- The Power of Good Leaders
A few years ago I worked on a project for the Arts Council called the Cultural Leadership Programme. It was all about identifying and working with the current and next generation of cultural leaders to move our arts organisations forward in a creative and sustainable way. I did a lot of research around leadership: what makes a good leader, what evidence there is of great leadership, and what a difference it makes not only to an organisation and the people who work there, but to the wider society. Having worked in some places with awful leadership, one thing I don’t take for granted is the leadership of Tyne Bridge. One element is the open and democratic, supportive ethos. When this comes from the top down as well as the bottom up, it defines a group. But beyond that, there is a genuine sense of care. Because of the leadership in the club’s formative years, this care is in the bones of the club, and it will now stick for a generation. Because of the strength and openness and supportive nature, it’s actually always got stronger even when tested. They can retire proudly right now.
- How to beat Sophie Marr in a race
Basically, you need to have, like I do, a bit of a belly, and go for a photo finish, or send her to Ibiza for a week. (Just joking Sophie!)
- How to Develop a Deliberate Practice
Deliberate Practice is a technical term developed by psychologists in research to understand what makes elite performers—not only in sports, but in areas such as music, art, business, etc. Basically, if you want to get better at something and flourish, perhaps even get close to mastering, an activity, your practice cannot simply be repetitive, but must be deliberate and focused on improvement. To do this effectively you need to break the task down into its elements, find good mentors, get immediate feedback, and keep practising the same tasks until you see improvements. This is everything you (can, if you want to) get from being a member of the club. And it’s certainly what the coaches at TBH help with—although only you can put in the effort.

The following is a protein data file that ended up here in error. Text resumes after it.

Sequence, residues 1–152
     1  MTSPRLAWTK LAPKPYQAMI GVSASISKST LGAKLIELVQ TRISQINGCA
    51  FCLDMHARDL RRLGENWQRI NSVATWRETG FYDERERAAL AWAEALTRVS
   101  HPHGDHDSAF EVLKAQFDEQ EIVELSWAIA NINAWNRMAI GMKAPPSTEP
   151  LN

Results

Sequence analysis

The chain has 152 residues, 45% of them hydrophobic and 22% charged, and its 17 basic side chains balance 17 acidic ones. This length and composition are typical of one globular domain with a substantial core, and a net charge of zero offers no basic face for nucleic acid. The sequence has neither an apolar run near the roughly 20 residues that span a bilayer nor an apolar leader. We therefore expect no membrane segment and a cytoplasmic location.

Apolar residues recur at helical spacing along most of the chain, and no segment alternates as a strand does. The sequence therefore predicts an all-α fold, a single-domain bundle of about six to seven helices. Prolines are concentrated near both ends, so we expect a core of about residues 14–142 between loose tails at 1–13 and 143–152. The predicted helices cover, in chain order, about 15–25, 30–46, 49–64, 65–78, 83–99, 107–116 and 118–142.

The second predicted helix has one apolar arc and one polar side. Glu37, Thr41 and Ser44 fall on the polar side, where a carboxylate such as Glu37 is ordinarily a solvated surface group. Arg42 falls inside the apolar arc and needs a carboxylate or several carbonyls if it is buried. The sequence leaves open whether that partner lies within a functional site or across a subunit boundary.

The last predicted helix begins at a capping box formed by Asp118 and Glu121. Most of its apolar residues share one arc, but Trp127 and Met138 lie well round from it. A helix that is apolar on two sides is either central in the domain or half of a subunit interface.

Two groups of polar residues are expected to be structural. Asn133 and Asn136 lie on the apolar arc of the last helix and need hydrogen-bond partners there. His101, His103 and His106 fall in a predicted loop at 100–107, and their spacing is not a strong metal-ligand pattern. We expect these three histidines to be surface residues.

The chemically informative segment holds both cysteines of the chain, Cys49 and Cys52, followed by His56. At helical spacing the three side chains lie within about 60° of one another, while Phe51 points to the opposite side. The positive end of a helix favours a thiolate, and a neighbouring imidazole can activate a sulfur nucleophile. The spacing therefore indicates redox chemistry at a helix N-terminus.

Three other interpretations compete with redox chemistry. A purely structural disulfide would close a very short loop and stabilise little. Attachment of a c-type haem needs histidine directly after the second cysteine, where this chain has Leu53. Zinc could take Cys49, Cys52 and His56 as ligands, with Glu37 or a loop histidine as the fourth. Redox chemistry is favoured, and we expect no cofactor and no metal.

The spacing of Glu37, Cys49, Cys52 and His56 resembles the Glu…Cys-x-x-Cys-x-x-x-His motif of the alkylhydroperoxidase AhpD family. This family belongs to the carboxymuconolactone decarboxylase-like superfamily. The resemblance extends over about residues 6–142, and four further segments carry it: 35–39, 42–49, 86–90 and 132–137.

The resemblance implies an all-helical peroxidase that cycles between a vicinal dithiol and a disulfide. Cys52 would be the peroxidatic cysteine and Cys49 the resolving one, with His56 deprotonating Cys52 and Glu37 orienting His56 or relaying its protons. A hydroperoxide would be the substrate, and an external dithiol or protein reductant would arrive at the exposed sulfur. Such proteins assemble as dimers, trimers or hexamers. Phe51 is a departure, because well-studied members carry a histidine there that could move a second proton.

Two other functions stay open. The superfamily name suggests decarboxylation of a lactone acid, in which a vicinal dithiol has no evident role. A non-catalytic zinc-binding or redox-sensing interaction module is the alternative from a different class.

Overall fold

The point here of course is the obvious one, but running with a club will make you a better runner. When you are surrounded by people who know more about a subject, are willing to share that knowledge, who push you on, who coach you freely, and challenge you to do better, you will do better. It is a core element of both “Flow” and “Deliberate Practice” to have these immediate feedback loops and support groups, if you want to improve. Doing it in running means you can also do it elsewhere, and so…
- What Running Can Teach You About Life
In many ways, all of these points are the same point: what you can learn about life from learning about running. This is to do with the world of Deliberate Practice (see above) but it’s also to do with the bodily nature of running. Because running is a physical activity we properly feel it—and we all know it can hurt, as well as the runners’ high. But knowing the world through our bodies is a powerful way of understanding the world, and our place in it. As Scott Jurek says: “Do things, always!” It’s the doing that counts.
It’s also to do with learning from those who can teach you something from an outside perspective. My ‘A-Ha!’ moment came one day a few years ago when running with a top runner called Darryl, now at Highgate in London. We used to do long runs together, although now I couldn’t keep up. We were talking about what goals we had, and I was saying how I was aiming for 1:30 in the Great North Run. He said: “No, you can do better than that, you should be aiming for 1:25.” It came at the same time as we had been talking about the idea that most of our limits are self-imposed. If I only thought I could do 1:30, I’d do 1:30.
So I changed what I thought was possible. And I ran faster (I’ll tell you what I did in a minute). Is there a lesson, or am I just waffling now? Perhaps both. But, finally, through the deliberate practice of running and recording the improvements I came to if I could shift the idea of what I thought was possible in my running, I could do that elsewhere too. The shift didn’t come from only thinking about it, though. It came from the hard work of making the change. Now if that isn’t a life lesson I’ll eat my running shorts.
- And the Running
Did I say seven? Can’t count. I meant eight things. Three months after joining, I ran the Great North Run alongside two Northern Irish lads, Colin and Dan in a time of 1:37:00. A 23-minute course PB and an 8-minute half-marathon PB. The next year I did it in 1:30:15. And then the year after, 1:24:57, winning perhaps my proudest accolade of my four years when Kenny Mac, sitting in the Lowlights bar in North Shields, said afterwards “that’s the run of the day, that is”. I was also rewarded with one of Lizzy Clamp’s roast potatoes from her Sunday lunch.
Anyway, if you’ve read all that—thank you!—no doubt you’ve got some thoughts of your own? What is it that you’ve most benefited from being a member of a running club?